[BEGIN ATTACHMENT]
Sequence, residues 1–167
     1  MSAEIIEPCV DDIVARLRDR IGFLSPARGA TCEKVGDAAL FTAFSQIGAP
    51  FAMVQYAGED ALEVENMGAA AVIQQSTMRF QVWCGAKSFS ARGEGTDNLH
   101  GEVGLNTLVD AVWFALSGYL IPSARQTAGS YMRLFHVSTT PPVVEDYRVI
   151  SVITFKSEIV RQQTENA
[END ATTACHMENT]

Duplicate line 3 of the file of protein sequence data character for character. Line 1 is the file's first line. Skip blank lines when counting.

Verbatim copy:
    51  FAMVQYAGED ALEVENMGAA AVIQQSTMRF QVWCGAKSFS ARGEGTDNLH